Born in England in 1846, Clara Bewick immigrated to the United States as a child; her family settled in Wisconsin. She originally planned on teaching school, but when she was nineteen she enrolled at the University of Wisconsin, graduating Phi Beta Kappa in 1869. She taught history and Latin there while taking graduate classes, but resigned over a pay equity issue.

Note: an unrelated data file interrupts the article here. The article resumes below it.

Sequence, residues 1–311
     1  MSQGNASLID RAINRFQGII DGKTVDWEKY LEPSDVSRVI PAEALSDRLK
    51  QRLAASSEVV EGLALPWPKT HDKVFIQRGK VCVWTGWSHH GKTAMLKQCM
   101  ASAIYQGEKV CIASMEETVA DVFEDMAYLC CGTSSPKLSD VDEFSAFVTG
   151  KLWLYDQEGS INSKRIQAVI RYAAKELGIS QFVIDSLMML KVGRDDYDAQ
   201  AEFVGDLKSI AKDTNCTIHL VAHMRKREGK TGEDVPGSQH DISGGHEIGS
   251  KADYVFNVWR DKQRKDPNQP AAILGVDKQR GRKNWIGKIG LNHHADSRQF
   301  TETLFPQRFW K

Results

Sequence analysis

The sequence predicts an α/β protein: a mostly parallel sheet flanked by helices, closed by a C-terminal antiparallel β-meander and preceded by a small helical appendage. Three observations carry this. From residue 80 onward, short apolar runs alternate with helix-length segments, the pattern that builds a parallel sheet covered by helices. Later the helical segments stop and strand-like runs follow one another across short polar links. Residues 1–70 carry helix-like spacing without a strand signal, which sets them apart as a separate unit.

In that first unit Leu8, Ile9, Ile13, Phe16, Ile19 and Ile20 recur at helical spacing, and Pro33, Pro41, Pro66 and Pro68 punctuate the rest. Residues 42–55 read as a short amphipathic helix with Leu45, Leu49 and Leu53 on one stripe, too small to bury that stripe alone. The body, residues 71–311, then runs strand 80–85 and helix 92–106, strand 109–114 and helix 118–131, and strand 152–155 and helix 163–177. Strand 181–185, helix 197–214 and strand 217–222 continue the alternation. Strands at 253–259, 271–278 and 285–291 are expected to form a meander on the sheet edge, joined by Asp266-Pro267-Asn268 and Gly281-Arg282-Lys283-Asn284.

After marrying Leonard Wright Colby in 1871, the couple moved to Beatrice, Nebraska. During the 1870s, the state of Nebraska was debating giving women the right to vote. As the editor of the woman’s column in the Beatrice newspaper, Colby followed this issue closely. In 1878 she invited the famous women’s rights activist, Elizabeth Cady Stanton, to Nebraska to speak on behalf of woman suffrage. Colby threw herself into the cause as well. She helped organize the Women’s State Suffrage Association in Nebraska in 1881 and served as president from 1885-1898. Colby started publishing a national suffrage newspaper, Woman’s Tribune, in 1883. After the collapse of her marriage, Colby moved to Oregon in 1904, where she continued to work for the suffrage cause. She died in 1916, four years before the passage of the Nineteenth Amendment.